• Light blue represents incremental improvements that will either add up to something significant when combined with future improvements or will make it easier to do something big in the future. This can include adding functionality or reducing complexity.
  • Orange changes the game. This represents fixing a problem in a manner that transforms another function and allows you to achieve a strategic imperative.
Blog 1.6.15 Reaction Strategy Gradient.png

Example

As an example, let’s take a seemingly minor problem that may arise for many companies this year: 

Your accounts receivable (AR) department receives a payment from a customer but it’s missing an invoice number. They go to apply the payment against an invoice and find there are two records for similarly named customers, each with open invoices. What should they do?

For simplicity’s sake, let’s say there are five issues this raises (in reality there are more):

a)    Immediate functional problem: cannot apply the cash
b)    Future functional problem: this will happen again in AR if the customer record issue is not resolved
c)    Operational problem: the operational efficiency of all processes associated with duplicate customer data will suffer inefficiency and potentially ineffectiveness
d)    Cross-functional problem: if these records exist in other systems (e.g. CRM, order management, etc.) then upstream processes will be affected
e)    Strategic problem: Meaningful customer analytics are severely compromised or not possible

First, you will need to figure out which invoice to apply the payment to, solving problem (a). This will probably require the AR department to contact the customer and do a little research. This is simple operations for them now. They’re going to do this anyway, regardless of our conversation. But now the question is how to address (b), (c), (d) and (e).

Pure dark blue: Combine the customer records into one, consolidate the invoices to that single customer, and resolve any data conflicts that arise (e.g. duplicate invoices, multiple shipping sites, missing DUNS numbers, etc.). This addresses (b).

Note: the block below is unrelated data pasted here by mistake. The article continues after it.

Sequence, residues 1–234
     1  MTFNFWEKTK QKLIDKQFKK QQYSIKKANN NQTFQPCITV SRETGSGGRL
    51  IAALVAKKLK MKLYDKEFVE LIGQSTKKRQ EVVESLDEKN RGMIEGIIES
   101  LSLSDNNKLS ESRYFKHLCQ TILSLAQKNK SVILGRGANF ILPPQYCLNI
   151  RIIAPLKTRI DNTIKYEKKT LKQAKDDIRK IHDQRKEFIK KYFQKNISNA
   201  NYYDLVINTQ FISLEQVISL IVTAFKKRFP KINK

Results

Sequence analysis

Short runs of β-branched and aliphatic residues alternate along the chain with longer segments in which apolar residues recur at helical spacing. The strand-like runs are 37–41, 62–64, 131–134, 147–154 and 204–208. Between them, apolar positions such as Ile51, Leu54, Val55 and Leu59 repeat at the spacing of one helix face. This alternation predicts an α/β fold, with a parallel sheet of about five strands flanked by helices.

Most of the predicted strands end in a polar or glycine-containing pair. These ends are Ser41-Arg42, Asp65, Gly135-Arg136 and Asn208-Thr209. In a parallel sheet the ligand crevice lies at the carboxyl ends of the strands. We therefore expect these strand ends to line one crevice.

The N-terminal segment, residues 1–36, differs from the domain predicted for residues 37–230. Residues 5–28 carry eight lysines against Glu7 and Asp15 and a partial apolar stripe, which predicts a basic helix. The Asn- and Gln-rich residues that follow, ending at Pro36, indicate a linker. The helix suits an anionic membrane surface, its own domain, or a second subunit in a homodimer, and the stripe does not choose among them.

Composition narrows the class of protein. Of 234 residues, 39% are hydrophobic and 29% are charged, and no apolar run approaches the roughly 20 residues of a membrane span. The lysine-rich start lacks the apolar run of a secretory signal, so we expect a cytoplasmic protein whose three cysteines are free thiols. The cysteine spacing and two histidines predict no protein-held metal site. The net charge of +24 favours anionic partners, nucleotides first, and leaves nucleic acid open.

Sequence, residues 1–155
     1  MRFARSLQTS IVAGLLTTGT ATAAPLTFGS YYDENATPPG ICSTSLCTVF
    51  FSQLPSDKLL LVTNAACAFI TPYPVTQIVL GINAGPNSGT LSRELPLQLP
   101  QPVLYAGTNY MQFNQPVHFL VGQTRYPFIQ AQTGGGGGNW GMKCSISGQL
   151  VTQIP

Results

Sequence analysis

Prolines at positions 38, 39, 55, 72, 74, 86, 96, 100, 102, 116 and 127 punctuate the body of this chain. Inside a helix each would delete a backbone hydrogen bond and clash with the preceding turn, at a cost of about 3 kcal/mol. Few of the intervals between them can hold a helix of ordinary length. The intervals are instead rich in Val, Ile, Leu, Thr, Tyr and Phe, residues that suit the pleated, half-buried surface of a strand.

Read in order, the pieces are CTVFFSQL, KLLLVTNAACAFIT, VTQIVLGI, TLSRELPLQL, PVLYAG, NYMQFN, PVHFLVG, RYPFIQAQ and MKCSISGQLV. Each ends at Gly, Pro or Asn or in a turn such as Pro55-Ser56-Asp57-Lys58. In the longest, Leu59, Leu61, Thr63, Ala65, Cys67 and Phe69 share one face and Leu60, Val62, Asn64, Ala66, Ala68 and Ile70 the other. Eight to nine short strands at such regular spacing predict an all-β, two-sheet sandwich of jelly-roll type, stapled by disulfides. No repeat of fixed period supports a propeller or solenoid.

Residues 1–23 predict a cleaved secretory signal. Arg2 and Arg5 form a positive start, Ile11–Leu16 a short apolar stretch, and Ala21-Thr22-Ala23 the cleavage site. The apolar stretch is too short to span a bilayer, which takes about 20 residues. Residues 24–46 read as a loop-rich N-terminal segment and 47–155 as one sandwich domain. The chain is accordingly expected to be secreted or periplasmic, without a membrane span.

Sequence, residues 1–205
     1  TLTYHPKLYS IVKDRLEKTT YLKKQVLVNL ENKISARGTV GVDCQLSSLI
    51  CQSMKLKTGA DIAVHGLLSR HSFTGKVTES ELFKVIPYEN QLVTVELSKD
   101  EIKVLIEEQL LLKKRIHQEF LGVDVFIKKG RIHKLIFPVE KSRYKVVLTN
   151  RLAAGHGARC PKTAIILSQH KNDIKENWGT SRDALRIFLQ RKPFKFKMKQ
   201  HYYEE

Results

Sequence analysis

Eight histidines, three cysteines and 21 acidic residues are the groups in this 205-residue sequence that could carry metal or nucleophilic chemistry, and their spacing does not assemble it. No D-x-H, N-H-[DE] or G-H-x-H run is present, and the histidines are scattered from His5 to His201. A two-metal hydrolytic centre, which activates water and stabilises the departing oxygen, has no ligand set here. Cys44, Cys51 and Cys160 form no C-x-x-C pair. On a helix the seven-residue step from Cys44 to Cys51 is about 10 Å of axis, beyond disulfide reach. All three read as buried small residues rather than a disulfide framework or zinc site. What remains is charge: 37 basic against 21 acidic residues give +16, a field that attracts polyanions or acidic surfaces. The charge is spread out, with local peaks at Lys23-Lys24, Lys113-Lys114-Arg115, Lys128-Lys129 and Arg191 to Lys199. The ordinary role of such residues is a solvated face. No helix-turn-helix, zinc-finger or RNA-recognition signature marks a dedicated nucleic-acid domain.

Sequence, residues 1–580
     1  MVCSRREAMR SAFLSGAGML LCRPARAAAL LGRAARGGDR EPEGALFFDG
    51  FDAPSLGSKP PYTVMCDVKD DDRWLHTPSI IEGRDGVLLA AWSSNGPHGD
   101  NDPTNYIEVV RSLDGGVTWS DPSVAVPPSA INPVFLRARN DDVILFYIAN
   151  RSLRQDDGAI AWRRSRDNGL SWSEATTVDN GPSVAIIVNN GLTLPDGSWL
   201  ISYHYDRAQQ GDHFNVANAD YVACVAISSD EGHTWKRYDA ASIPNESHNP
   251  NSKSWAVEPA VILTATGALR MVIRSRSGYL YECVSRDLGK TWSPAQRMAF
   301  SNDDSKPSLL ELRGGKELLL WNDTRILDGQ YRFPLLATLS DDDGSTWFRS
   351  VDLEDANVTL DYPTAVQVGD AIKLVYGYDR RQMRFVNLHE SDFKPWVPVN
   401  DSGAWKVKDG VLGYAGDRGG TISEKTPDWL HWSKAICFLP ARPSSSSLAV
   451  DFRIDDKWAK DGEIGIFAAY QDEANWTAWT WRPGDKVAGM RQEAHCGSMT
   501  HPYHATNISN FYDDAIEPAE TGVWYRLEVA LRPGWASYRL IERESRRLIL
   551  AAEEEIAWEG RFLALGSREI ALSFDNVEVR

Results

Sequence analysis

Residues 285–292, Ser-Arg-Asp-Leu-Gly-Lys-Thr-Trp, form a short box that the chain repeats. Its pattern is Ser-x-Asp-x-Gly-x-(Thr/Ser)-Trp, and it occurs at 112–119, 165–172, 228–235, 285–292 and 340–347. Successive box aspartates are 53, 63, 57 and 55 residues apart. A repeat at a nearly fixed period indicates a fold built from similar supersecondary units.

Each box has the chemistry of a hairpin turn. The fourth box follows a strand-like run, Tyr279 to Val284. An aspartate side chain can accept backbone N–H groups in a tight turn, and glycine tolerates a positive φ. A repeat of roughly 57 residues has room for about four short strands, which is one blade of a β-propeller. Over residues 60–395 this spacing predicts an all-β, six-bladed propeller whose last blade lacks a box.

Dark blue moving to light blue: Consolidate the master records for this customer and then, thinking this may be an issue for other customers as well, run reports and figure out if there were other records this applied to. This address (b) more thoroughly, begins to address (c), and makes solving (d) easier and, therefore, more realistic.

Purer light blue: Look at other systems that use that data like your CRM systems to see if the same issue needs to be resolved there. This will address (c) and make it possible to address the rest of (d).

Light Blue moving to orange: Create a customer data management responsibility where someone in the business is responsible for proactively monitoring customer data, resolving issues, and over time working with a technology partner to automate duplicate identification, merges, etc. This address (b) and (c) completely and may substantially address (d) although this will also introduce some new process complexity that will need to be analyzed.

Orange: Implement a data management solution that can manage the customer data across all functions. This will improve the sales team’s ability to accurately identify and track leads, allow integration between social media and customer transactions, provide efficient lead-to-order-to-invoice-to-cash conversion, and serve as the foundation for great customer-based analytics. Odds are, customer-based marketing and spending analytics are on your strategic radar. This will address (e) and, in doing so, drive new ways of thinking, analysis and decision into all customer-related business operations. 

As you can tell, there are unlimited variations of each of these approaches and they all have different complexity, levels of effort, costs, and time horizons. But as an executive you need to make sure the business operates at all, operates at least reasonably efficiently and reasonably well, all while furthering your strategic goals. Maybe you do all of the dark blue things now because they are low effort and low cost, but begin the process of planning and prioritizing a project to address the orange potential.

The main point is, you’re reacting to an issue in a manner that furthers your strategy and demonstrating to the business, through step-wise improvements, that bigger investments in previously ignored, seemingly commoditized areas can result in game-changing improvement.

You never let a serious crisis go to waste. And what I mean by that it's an opportunity to do things you think you could not do before.

Up Thursday: Moving from an “enabler” mindset to a “driver” mindset for technology decisions. A.k.a. Making Technology Investments Matter.